Thank you for this article, it was great. I did enjoy TV21.

As you pointed out in the article, there was the shared universe aspect, which I enjoyed a lot. I seem to recall enjoying a tale where the Mysterons had an agent in Marineville. It was great to see a Captain Scarlet story where the Mysterons were at work in Marineville as I did enjoy Stingray, too.

I'd always believed the shows had taken place in a shared universe, but TV21 actually presented it to us.

You know, I do feel some modern comics have dumbed down and don't give enough credit to the readers. Not all, but some. TV21 certainly wasn't one of those. It was very enjoyable.

Lew Stringer said...

Kid, - Oddly enough I've never been a big fan of the "naughty kid" strips, which is why I had Tom Thug presented as such a loser. I enjoyed Davy Law's Corporal Clott though.

Robert, - It's not so much that comics are dumbed down today, more that they're pitched at a younger age group than they used to be, ie: 6 to 10 year olds instead of 7 to 12. But I agree there is an aspect of aiming too low.

Time was when a comic for 7 to 12 year olds would be aimed at the 12 year end, knowing that younger readers could catch up. Problem now is a comic aimed at 6 to 10 year olds often pitches itself at the 6 year end so the young ones won't be put off, - but common sense should tell publishers that kids drop anything they thing is too "babyish" for them so the comic loses the older end of its target range. So one ends up with something that's little more than a nursery comic.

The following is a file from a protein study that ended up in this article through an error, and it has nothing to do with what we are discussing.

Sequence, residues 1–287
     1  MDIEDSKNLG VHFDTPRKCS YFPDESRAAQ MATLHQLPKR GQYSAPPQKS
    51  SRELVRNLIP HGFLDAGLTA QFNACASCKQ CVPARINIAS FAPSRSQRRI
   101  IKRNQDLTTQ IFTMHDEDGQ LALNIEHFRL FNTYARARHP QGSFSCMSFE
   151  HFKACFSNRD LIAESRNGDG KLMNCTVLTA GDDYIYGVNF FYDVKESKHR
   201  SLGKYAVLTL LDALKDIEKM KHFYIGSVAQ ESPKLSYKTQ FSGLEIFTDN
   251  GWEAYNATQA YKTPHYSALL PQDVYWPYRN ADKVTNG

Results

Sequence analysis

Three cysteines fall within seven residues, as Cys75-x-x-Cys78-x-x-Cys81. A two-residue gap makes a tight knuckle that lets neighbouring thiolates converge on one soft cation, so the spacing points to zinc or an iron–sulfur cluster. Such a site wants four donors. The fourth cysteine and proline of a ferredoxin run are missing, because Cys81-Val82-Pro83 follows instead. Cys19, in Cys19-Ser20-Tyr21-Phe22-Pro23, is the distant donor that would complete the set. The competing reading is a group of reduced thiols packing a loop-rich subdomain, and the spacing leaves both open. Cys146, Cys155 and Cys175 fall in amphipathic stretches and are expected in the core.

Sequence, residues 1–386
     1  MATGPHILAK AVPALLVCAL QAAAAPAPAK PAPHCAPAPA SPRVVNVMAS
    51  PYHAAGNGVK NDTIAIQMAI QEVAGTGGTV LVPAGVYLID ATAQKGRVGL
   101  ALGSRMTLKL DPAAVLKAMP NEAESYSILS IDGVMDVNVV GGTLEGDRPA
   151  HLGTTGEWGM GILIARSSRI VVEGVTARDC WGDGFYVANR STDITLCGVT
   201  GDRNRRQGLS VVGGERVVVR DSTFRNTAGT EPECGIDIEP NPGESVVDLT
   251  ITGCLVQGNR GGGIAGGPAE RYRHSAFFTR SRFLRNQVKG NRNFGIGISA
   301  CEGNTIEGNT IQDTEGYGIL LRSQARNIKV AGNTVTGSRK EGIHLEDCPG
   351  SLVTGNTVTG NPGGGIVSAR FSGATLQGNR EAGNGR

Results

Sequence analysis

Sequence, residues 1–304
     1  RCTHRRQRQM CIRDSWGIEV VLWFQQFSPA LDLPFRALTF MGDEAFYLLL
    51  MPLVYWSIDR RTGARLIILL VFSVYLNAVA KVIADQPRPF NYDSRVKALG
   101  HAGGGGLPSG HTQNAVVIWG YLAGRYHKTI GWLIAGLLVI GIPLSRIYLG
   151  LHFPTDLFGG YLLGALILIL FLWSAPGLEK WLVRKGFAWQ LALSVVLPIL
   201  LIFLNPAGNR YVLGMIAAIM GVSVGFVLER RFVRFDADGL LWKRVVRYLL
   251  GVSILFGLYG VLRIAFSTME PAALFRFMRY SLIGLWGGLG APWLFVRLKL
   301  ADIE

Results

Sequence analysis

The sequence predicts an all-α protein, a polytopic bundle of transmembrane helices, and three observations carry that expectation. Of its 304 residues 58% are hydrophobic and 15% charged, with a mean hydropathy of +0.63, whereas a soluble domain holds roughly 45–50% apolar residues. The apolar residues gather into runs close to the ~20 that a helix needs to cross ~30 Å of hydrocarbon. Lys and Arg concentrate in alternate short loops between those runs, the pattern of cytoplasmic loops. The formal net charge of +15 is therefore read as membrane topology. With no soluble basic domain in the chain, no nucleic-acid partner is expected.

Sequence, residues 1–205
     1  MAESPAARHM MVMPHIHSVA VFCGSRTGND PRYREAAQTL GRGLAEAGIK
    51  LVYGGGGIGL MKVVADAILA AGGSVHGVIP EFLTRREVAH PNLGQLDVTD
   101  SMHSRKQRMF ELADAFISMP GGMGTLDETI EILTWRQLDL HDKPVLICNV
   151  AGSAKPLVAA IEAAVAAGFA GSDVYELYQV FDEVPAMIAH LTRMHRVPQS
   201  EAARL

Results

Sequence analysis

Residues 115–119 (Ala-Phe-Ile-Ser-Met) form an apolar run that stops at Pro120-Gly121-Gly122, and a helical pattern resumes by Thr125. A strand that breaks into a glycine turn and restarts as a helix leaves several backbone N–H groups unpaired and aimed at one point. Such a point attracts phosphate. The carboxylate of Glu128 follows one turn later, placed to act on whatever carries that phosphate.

Kid said...

Regarding the Quercetti FIREBALL XL5 toy advertised in the pages of TV21, I actually have TWO boxed examples of this amazing toy. One is the version most people remember - the two-tone hull (silver and light gray) with two yellow FIREBALL JUNIOR nose-cones. (One with fins, one without.) However, I also have an all-silver version with only one orange nose-cone (with fins) - no alternative version of 'Junior' being mentioned in the instructions. I assume the one cone version is a later, cost-cutting release, but I could be wrong. Anyone know?

alcilan said...

Hi Lew, I'd just like to say how much pleasure I get from reading your blogs. This one is particularly fascinating and brings back great memories.

I loved TV21 and began collecting from that very first issue. All long gone now so it's a delight to see it here. Thank you.

I loved the photo of Stingray on the cover. It made it seem so real, so much so that when I first saw it, I naively thought they meant that the Stingray model used for filming had gone missing! It was quite a while later I learned about the multiple scale models used in production ;-)

Thanks again.

oversear said...

What amazes me is the sheer quality of the package and the fact that the strips have hardly dated in comparison to other comics from the same era.

Lew Stringer said...

You're right. TV21 was very ahead of its time, (appropriately so was the cover date).

I think the reason I never got interested in the Thomson adventure comics was because I'd been spoiled by TV21. After the dynamic full colour futuristic exploits of Steve Zodiac & co The Hornet seemed very old fashioned and mundane. (I know now that Thomson's adventure comics have their strengths but back when I was a kid they seemed way behind TV21.)

Trevor said...

Thank you sooo much, reading no1 of TV21 after all these years has made an "oldish" man very happy as I never thought I would see it again. And the free gift, at the time made me feel like I belonged to some kinda "special intergalactic club". Again thank you so much.
1 love
TransmatTrev

Lew Stringer said...

Cheers Trevor. Glad you enjoyed it.

Anonymous said...

Hi Great site ,can you print page?? years ago l won a TB2 and FAB 1 so l can see which issue in was Thanks Steve

Lew Stringer said...

Sorry? I'm not with you. What page?